For the past 55 years I have lived with back pain and I could write a book on how to cope since I have tried every self help tool available.
As a teenager, my right leg went numb from a herniated disk. In 1978 the standard treatment for ruptured disks was traction and surgery, but I argued my way out of the hospital, refused the knife and began chiropractic treatment.
I will swear my life on the benefit of chiropractic care, which has kept me mobile in spite of slipped lumbar disks, compressed dorsal disks, 2 whiplash injuries and the combined trauma of a professional basketball career, a car crash, a bike accident and a ski wipeout.
Chiropractic therapy, a team endeavor, requires the patient’s investment in following recommended strengthening and stretching exercises and a healthy diet. I advocate the physical therapist and chiropractor’s belief that one should exercise to help maintain health.
But in addition to keeping active to help ease the ache, I tried every gadget on the market.
Back pain is so universal, you may be interested in some of the tools I use.
The Thera Cane, a simple, inexpensive device is a hard cane with nodules that can be used to self-massage trigger points.
The Wet Vest allowed me to run again, but not on land. The vest that looks a bit like a life jacket keeps you afloat in deep water so that you can run without back or joint pain. http://www.hydrofit.com/wet-vest-ii/
The Swiss ball, a large, heavy-duty inflatable ball with a diameter of 18 to 30 inches can used for various exercises to strengthen and stretch muscles.
The heat lamp may be an old fashioned remedy, but lying under an infra-red lamp helps muscles relax.
My chiropractic memory foam sleep pillow allows me to rest with neck support and my body pillow gives leg support and helps me maintain proper alignment during the night. The only drawback is that with all the pillows, there may no longer be enough room for your partner.
Massage of any kind helps. I even have my own (used) massage table, however it only works well if you can actually enlist another person to give you the massage.
I call the Bemer, a magnetic therapy device, my magic carpet. This mat made of a pulsed electromagnetic field (PEMF) was designed to increase microcirculation and boost the blood flow which benefits the body’s cardiac system, regenerative abilities and mental acuity. The mat is attached to an electronic device that looks like a digital alarm clock. It's supposed to heal everything from your headache to your cat's depression (no kidding) by using a low magnetic field. Improvement of microcirculation and reducing fatigue have so far been confirmed, but I am not convinced.
Ice and hot packs, the ancient standby, can be alternated for acute injury. Hot baths in Epsom salts can be used at home for good old fashioned backaches. But if you have access to thermal baths with jacuzzi or any kind of water jets you can get even greater relief.
My Everstyl reclining chair, made by a French company specializing in ergonomic furniture, was designed to give proper support to the back. This deluxe lounge chair has multi positions including a full recline which alleviates pressure on the lumbar spine.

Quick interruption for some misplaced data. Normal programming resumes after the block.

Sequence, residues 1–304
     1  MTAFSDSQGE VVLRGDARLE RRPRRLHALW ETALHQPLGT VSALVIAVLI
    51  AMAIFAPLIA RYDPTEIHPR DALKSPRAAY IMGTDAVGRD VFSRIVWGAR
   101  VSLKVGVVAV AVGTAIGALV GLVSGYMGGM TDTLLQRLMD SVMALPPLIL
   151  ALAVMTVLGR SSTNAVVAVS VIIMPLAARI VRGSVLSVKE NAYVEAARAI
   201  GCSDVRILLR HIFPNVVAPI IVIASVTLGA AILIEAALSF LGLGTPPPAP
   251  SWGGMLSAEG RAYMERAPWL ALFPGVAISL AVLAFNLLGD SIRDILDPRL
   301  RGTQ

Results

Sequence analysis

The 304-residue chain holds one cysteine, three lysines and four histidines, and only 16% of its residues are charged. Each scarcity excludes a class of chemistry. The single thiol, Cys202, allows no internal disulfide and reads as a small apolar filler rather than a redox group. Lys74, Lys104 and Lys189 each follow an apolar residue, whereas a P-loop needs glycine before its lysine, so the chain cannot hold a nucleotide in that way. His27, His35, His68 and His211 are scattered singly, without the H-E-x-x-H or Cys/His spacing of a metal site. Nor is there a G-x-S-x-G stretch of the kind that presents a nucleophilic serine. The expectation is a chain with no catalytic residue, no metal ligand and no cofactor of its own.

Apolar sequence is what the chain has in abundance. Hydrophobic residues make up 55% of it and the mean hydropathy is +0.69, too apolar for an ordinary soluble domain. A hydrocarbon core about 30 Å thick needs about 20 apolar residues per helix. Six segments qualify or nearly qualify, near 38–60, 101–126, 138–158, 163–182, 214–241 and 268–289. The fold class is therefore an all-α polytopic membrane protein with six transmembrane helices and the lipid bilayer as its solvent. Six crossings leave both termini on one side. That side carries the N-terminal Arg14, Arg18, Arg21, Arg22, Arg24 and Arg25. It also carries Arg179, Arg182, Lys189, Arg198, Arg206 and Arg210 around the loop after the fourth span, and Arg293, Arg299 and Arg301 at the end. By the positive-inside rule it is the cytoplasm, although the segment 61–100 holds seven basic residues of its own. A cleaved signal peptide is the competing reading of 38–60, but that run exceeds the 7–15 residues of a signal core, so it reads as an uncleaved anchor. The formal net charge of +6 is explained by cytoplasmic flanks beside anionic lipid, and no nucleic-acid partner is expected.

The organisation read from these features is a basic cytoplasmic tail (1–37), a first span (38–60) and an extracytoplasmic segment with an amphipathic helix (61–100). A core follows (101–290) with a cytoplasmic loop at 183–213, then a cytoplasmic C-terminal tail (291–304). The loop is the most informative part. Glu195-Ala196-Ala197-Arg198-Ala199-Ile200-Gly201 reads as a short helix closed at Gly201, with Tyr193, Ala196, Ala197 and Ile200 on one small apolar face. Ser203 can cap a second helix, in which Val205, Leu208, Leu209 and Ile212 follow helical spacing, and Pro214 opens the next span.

The Inversion Table is my new favorite. By hanging on a table upside down, gravity takes the weight off the vertebrae and disks.
A yoga mat is a must for stretching; it works best if used several times a day because the older you get the faster everything tightens up.
The Theragun, my husbands new favorite toy, is a percussive therapy device creating vibrations to offer a powerful deep muscle treatment.
As part of chiropractic care, I have tried TENS, massage, computerized traction and high intensity laser.
I also had a go with acupuncture, cupping, reflexology and sophrology, but I will save the explanation for my next post.
Am I totally pain free? No, but I am still upright, mobile and tracking 10,000 steps a day.
Resilient hardly seems like the proper word to describe your approach to all of this. God Bless!
Thanks Dave. It is an ongoing battle, but I sure am grateful to remain in the game. I always appreciate your kind words along my journey.
GOOD for you, Pat! I only started having back pain in 2014, when I took a nasty fall by tripping on an uneven sidewalk. I, too, am a big believer in chiropractors (mine is excellent!). Cold packs work better for me than hot, and I’m “addicted” to my TENS machine. I tried hanging upside down on one of those inverted tables, but I must confess I only got dizzy. The good thing is, there are so many available options now for those of us who are suffering. Does it still hurt to move? Absolutely, but who wants the alternative?!!
Thank you for sharing this post! Yoga is indeed an effective way to reduce back pain. I was suffering from severe back pain and even went to several doctors but the pain was not relieved. I came across Gavin Routledge recently and after following his plan, my pain to cured to a great extent.
Thanks Susan. This will be a great resource in my ongoing battle to curtail back pain.